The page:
Long range weather forecasts don't see drought-busting storms on the horizon, and local water agencies are starting to brace for the worst.
If you've been following the drought intensify for two years, the words of Brad Puig, a meteorologist with the National Weather Service's Climate Prediction Service may haunt you.
"Beyond the end of November, we're favoring below-normal precipitation for the southern two-thirds of California."
That's due to a La-Nina pattern developing, signaling a weak rainy season ahead.
That lack of storms has sent local water agencies into crisis mode. Marin officials, meeting Monday, are set to discuss again laying a pipeline across the Richmond-San Rafael Bridge. That would open an option to buy water from beyond the region, according to Emma Detwiler with Marin Water. This time around the pipe could be permanent. They'll also discuss the possibility and practicality of a temporary or permanent desalination plant.
Here in Sonoma County, conservation remains the byword. Jay Jasperse, chief engineer and director of groundwater management, said it's doubtful Sonoma would follow suit. "We haven't had discussions about partnering with them on a desalination plant."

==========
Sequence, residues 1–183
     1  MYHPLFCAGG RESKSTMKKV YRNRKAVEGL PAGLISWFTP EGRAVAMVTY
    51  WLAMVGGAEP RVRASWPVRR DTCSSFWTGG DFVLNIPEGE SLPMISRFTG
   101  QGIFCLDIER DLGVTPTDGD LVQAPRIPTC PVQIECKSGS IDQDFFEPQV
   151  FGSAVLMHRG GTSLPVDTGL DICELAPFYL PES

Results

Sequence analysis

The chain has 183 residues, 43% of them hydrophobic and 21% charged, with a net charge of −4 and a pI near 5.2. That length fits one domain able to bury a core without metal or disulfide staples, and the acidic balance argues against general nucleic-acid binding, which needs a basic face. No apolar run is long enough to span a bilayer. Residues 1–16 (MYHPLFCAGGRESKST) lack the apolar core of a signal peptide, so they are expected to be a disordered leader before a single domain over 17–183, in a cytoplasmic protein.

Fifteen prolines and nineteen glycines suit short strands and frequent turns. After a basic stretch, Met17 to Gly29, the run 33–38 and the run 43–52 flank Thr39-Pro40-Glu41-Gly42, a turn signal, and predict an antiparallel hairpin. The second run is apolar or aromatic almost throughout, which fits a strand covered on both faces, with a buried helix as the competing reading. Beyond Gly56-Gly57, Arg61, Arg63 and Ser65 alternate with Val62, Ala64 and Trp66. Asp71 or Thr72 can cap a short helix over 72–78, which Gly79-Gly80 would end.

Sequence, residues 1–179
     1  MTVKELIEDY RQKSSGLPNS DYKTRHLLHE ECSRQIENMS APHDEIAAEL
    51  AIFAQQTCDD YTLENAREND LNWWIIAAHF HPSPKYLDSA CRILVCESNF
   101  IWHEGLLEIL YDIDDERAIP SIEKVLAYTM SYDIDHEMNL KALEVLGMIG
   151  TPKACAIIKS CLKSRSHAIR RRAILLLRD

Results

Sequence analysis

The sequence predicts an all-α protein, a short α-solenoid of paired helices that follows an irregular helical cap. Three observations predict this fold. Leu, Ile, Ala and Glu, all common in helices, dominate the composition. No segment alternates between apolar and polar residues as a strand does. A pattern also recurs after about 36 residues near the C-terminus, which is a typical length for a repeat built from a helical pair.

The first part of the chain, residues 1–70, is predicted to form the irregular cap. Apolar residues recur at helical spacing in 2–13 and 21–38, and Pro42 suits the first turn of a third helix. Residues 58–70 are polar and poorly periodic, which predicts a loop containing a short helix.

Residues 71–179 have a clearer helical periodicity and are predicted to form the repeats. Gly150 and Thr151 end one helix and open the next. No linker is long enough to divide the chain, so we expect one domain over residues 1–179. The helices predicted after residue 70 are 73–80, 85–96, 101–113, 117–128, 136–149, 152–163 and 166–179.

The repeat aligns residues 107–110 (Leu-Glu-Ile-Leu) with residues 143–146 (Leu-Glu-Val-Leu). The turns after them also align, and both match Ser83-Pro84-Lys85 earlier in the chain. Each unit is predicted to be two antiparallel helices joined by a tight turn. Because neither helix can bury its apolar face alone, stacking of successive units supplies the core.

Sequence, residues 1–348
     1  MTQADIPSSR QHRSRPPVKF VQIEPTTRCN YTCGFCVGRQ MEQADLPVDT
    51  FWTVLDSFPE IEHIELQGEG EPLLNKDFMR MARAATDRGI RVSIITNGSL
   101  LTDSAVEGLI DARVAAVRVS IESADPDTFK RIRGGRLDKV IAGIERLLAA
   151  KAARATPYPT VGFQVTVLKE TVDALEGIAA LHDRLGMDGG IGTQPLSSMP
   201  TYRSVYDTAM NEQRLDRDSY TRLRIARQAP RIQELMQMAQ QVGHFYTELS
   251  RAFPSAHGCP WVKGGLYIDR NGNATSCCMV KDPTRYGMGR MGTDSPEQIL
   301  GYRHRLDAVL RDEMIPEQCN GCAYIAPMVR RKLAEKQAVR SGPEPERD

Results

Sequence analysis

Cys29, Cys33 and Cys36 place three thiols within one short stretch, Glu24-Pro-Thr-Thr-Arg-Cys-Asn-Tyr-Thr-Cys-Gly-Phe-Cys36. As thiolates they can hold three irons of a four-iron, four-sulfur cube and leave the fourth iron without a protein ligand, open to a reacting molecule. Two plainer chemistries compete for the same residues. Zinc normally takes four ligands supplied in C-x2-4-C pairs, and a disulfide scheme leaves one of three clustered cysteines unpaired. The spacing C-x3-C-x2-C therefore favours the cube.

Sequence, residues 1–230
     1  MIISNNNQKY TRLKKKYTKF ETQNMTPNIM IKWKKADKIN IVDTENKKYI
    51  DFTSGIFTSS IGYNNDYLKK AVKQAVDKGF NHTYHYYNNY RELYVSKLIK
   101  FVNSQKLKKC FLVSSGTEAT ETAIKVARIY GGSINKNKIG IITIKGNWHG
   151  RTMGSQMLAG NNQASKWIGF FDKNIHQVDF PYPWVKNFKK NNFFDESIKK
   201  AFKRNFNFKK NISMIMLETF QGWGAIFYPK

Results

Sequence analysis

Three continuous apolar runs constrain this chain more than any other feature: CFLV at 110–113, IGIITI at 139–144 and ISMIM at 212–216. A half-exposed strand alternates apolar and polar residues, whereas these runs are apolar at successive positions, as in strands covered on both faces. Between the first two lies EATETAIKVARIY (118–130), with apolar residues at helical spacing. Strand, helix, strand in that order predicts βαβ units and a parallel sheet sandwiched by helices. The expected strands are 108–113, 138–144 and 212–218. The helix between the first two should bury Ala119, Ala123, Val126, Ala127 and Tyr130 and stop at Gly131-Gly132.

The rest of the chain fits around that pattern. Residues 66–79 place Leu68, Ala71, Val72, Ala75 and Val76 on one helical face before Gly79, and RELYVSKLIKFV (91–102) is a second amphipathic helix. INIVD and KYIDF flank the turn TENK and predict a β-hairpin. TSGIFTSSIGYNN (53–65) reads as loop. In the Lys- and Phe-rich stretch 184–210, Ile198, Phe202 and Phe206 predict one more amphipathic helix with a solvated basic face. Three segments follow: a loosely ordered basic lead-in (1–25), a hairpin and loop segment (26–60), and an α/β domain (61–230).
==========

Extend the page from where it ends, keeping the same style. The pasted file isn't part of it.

SonomaWater is taking other steps. Re-activating its three emergency groundwater wells, dug following the epic 1977 drought. "If all three of those wells are operational, they can provide about oh, five to seven percent of our total supply," Jasperse said. Normally, virtually all SonomaWater's water comes from the Russian River system. "Those wells alone, they will be a great help, but there has got to be other things that happen," he said.
Jasperse said the county's past pumping---employed in previous times of shortage---hasn't impacted neighboring wells.
Other changes are in the works. Jasperse said the agency is also studying how to inject excess floodwater into some of its three groundwater wells. Making it a two way street---recharging the aquifer when water is plentiful, and then using groundwater like a savings account.